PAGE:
mardi 9 février 2010

Conservation, ecology and genetics of the Cape Verde warbler

The Cape Verde Warbler is an endangered passerine endemic to the Cape Verde islands. The last population of this species was believed to be confined to one island but recently populations have been discovered on two other isolated islands and the global population is estimated at ca. 1,000 birds. However the relationship between the three surviving populations, currently considered one species, has not yet been assessed. It would not be surprising, given the distances involved, if the warblers from each island are substantially different from each other. If so this could be important in determining management units and conservation priorities. Equally divergence between the populations could present opportunities, e.g. if effects of inbreeding can be reduced through genetic restoration. Before a program of conservation can be put into place for this species, levels of population differentiation need to be assessed. The PhD will investigate the amount and type of differentiation between the three populations of the warbler by assessing variation in biologically important characteristics; morphology, song, and genetics. The study will assess within and between population levels of genetic variation using both neutral markers (microsatellites) and functional markers (MHC genes) using tools already developed. The information we gather will help us determine how divergent the three populations are and assess how genetically viable each one is. This information will be used to help inform the future conservation and management of this species. It will also allow us to assess its’ use as a model system in which to explore questions in evolutionary ecology and conservation genetics. The issue of how much, and what type of, genetic variation is maintained in small bottlenecked populations of endangered species is an important question in contemporary conservation. Training will be provided in molecular methods, evolutionary theory, statistical modelling and ornithological fieldwork.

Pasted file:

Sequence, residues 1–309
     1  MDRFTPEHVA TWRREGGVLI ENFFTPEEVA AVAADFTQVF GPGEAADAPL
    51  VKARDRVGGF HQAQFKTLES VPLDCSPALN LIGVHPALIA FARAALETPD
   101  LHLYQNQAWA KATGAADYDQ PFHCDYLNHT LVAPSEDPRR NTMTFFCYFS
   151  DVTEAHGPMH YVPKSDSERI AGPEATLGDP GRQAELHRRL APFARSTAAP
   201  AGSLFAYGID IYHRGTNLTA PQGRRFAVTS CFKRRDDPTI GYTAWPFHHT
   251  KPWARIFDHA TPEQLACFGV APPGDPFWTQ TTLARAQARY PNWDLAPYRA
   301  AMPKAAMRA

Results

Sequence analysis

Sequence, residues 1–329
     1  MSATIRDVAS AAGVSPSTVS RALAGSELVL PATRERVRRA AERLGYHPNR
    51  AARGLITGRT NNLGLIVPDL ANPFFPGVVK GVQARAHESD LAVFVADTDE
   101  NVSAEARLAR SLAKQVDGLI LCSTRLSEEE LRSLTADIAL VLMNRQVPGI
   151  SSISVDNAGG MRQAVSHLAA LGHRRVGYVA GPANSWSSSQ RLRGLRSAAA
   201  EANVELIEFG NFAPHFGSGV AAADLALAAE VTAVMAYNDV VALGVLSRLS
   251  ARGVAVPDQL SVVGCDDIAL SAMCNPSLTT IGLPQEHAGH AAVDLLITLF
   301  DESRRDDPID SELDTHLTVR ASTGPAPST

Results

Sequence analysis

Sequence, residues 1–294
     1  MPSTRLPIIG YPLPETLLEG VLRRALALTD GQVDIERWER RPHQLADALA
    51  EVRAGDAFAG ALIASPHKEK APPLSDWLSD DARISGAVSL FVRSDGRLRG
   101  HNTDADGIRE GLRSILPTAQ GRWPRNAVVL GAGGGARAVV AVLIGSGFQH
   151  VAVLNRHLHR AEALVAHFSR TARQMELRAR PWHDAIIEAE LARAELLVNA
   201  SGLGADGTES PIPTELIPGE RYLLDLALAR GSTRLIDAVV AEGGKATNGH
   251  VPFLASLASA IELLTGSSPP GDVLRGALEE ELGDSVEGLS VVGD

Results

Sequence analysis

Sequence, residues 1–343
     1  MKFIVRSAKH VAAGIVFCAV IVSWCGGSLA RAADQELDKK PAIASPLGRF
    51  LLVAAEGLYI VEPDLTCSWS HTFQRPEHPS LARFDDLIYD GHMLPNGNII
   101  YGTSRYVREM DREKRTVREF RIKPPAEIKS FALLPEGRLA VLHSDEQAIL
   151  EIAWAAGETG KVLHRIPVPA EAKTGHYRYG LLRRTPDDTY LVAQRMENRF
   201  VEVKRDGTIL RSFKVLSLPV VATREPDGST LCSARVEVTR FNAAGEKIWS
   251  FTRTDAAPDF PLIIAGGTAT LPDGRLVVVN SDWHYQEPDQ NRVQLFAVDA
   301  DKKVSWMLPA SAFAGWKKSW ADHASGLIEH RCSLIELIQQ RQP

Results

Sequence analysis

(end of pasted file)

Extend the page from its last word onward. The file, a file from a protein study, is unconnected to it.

Funding Notes
Funding may be available for UK/EU students. If funding is awarded for this project it will cover tuition fees and stipend for UK students. EU students may be eligible for full funding, or tuition fees only, depending on the funding source. International students will not be eligible for this funding however they are still welcome to apply for this project but would have to find alternative funding.

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HANSSON, B. & RICHARDSON, D. S. (2005) Genetic variation in two endangered Acrocephalus species compared to a widespread congener: estimates based on functional and random loci. Animal Conservation, 8, 83-90.
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